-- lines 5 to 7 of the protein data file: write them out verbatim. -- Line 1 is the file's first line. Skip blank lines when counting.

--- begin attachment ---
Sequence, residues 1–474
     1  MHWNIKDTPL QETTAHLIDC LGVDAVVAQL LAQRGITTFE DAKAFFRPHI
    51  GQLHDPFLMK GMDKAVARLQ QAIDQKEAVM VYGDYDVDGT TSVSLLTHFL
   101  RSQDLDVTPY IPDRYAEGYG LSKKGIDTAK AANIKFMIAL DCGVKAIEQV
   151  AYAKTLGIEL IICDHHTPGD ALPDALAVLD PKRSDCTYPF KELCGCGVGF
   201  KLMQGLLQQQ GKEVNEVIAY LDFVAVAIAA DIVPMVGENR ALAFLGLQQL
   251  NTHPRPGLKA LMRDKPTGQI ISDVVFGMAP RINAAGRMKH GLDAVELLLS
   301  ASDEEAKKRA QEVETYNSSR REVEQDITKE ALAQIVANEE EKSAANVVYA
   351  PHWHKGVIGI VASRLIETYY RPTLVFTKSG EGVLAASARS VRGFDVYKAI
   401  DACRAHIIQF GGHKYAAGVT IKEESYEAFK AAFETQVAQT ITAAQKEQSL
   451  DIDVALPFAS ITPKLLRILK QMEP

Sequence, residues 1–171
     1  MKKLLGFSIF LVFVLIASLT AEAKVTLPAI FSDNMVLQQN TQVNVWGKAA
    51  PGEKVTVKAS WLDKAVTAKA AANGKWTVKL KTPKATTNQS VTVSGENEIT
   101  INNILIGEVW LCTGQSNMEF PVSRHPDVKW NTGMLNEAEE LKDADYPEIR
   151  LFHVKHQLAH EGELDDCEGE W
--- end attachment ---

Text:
   151  AYAKTLGIEL IICDHHTPGD ALPDALAVLD PKRSDCTYPF KELCGCGVGF
   201  KLMQGLLQQQ GKEVNEVIAY LDFVAVAIAA DIVPMVGENR ALAFLGLQQL
   251  NTHPRPGLKA LMRDKPTGQI ISDVVFGMAP RINAAGRMKH GLDAVELLLS